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Poem by Robert Burns


The Brigs of Ayr


THE simple Bard, rough at the rustic plough,
Learning his tuneful trade from every bough;
The chanting linnet, or the mellow thrush,
Hailing the setting sun, sweet, in the green thorn bush;
The soaring lark, the perching red-breast shrill,
Or deep-ton’d plovers gray, wild-whistling o’er the hill;
Shall he, nurst in the peasant’s lowly shed,
To hardy independence bravely bred,
By early poverty to hardship steel’d,
And train’d to arms in stern Misfortune’s field,-
Shall he be guilty of their hireling crimes,
The servile, mercenary Swiss of rhymes?
Or labour hard the panegyric doss,
With all the venal soul of dedicating prose?
No! though his artless strains he rudely sings,
And throws his hand uncouthly o’er the strings,
He glows with all the spirit of the Bard,
Fame, honest fame, his great, his dear reward.
Still, if some patron’s generous care he trace,
Skill’d in the secret to bestow with grace;
When Ballantyne befriends his humble name
And hands the rustic stranger up to fame,
With heartfelt throes his grateful bosom swells,
The godlike bliss, to give, alone excels.


  ‘Twas when the stacks get on their winter-hap,
And thack and rape secure the toil-won crap;
Potatoe-bings are snugged up frae skaith
O’ coming Winter’s biting, frosty breath;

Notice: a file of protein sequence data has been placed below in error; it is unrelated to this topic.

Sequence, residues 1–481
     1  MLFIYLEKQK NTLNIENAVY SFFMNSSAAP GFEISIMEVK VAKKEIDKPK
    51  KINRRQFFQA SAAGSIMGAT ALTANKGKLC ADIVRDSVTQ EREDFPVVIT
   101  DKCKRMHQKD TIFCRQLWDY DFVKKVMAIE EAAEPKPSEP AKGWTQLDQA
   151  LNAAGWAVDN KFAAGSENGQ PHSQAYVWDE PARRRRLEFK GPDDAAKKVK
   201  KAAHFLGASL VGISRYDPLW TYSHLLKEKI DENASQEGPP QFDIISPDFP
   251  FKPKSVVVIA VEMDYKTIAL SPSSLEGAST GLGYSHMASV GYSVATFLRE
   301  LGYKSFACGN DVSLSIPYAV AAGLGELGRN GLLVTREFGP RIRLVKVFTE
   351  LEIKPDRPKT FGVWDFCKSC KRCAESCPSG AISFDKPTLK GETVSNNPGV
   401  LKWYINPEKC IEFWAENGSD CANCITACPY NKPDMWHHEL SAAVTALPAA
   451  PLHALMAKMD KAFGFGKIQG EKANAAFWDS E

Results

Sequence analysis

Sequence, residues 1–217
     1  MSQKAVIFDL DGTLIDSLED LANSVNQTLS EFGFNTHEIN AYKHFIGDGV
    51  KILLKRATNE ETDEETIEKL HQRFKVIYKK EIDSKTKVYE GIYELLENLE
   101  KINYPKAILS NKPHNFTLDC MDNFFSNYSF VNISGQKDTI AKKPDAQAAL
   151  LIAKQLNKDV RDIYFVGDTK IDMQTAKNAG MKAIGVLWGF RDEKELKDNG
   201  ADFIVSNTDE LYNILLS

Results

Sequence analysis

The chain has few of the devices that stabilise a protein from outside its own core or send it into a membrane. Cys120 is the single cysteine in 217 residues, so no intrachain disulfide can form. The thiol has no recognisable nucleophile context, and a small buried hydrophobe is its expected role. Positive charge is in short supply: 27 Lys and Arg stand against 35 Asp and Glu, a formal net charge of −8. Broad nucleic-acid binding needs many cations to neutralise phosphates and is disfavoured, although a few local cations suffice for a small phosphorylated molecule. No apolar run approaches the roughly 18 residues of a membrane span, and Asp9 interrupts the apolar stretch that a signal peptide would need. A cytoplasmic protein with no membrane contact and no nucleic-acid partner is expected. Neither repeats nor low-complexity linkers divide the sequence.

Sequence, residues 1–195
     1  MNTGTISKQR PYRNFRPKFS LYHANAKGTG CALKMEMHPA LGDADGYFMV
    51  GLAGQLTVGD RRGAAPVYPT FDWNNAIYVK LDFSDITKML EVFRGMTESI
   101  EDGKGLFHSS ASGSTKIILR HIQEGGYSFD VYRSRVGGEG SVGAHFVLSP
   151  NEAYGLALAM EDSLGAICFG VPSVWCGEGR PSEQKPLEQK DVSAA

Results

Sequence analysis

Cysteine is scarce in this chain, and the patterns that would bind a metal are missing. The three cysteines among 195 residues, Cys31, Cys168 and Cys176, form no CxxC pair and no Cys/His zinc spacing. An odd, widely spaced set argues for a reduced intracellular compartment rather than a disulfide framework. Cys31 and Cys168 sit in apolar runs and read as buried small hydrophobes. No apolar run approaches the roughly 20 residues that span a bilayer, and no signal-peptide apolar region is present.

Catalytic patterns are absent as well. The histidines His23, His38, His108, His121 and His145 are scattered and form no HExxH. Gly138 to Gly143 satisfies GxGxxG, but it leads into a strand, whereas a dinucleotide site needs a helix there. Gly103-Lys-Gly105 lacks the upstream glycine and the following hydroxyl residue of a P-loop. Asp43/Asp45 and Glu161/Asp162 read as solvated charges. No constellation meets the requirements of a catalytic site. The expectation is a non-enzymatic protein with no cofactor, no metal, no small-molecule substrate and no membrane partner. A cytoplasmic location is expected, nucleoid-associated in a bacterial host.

The bees, rejoicing o’er their summer toils,
Unnumber’d buds an’ flowers’ delicious spoils,
Seal’d up with frugal care in massive waxen piles,
Are doom’d by Man, that tyrant o’er the weak,
The death o’ devils, smoor’d wi’ brimstone reek:
The thund’ring guns are heard on ev’ry side,
The wounded coveys, reeling, scatter wide;
The feather’d field-mates, bound by Nature’s tie,
Sires, mothers, children, in one carnage lie:
(What warm, poetic heart, but inly bleeds,
And execrates man’s savage, ruthless deeds!)
Nae mair the flow’r in field or meadow springs;
Nae mair the grove with airy concert rings,
Except perhaps the Robin’s whistling glee,
Proud o’ the height o’ some bit half-lang tree:
The hoary morns precede the sunny days,
Mild, calm, serene, wide spreads the noontide blaze,
While thick the gossamour waves wanton in the rays.

‘Twas in that season when a simple Bard,
Unknown and poor, simplicity’s reward,
Ae night, within the ancient brugh of Ayr,
By whim inspir’d, or haply prest wi’ care,
He left his bed and took his wayward route,
And down by Simpson’s wheel’d the left about:
(Whether impell’d by all-directing Fate,
To witness what I after shall narrate;
Or whether, rapt in meditation high,
He wander’d out he knew not where nor why:)
The drowsy Dungeon clock had number’d two,
And Wallace Tower had sworn the fact was true:
The tide-swoln Firth, wi’ sullen-sounding roar,
Through the still night daah’d hoarse along the shore:
All else was hush’d as Nature’s closed e’e;
The silent moon shone high o’er tow’r and tree:
The chilly frost, beneath the silver beam,
Crept, gently-crusting, owre the glittering stream-
  When, lo! on either hand the list’ning Bard,
The clanging sough of whistling wings is heard;
Two dusky forms dart thro’ the midnight air,
Swift as the gos drives on the wheeling hare;
Ane on th’ Auld Brig his airy shape uprears,
The ither flutters o’er the rising piers:
Our warlock Rhymer instantly descried
The Sprites that owre the Brigs of Ayr preside.
(That Bards are second-sighted is nae joke,
And ken the lingo of the sp’ritual folk;
Fays, Spunkies, Kelpies, a’, they can explain them,
And ev’n the very deils they brawly ken them.)
Auld Brig appear’d o’ ancient Pictish race,
The very wrinkles Gothic in his face;
He seem’d as he wi Time had warstl’d lang,
Yet, toughly doure, he bade an unco bang.